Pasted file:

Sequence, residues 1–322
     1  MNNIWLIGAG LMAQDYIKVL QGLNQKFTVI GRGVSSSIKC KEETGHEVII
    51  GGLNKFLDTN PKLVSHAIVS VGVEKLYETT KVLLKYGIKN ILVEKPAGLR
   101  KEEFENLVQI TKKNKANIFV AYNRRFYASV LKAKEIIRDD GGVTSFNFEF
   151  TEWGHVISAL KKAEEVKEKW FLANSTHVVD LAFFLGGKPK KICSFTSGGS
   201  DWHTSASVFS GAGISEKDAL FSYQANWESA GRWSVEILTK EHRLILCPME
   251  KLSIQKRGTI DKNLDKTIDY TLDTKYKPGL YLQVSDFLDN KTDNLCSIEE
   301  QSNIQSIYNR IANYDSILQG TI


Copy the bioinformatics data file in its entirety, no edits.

Sequence, residues 1–322
     1  MNNIWLIGAG LMAQDYIKVL QGLNQKFTVI GRGVSSSIKC KEETGHEVII
    51  GGLNKFLDTN PKLVSHAIVS VGVEKLYETT KVLLKYGIKN ILVEKPAGLR
   101  KEEFENLVQI TKKNKANIFV AYNRRFYASV LKAKEIIRDD GGVTSFNFEF
   151  TEWGHVISAL KKAEEVKEKW FLANSTHVVD LAFFLGGKPK KICSFTSGGS
   201  DWHTSASVFS GAGISEKDAL FSYQANWESA GRWSVEILTK EHRLILCPME
   251  KLSIQKRGTI DKNLDKTIDY TLDTKYKPGL YLQVSDFLDN KTDNLCSIEE
   301  QSNIQSIYNR IANYDSILQG TI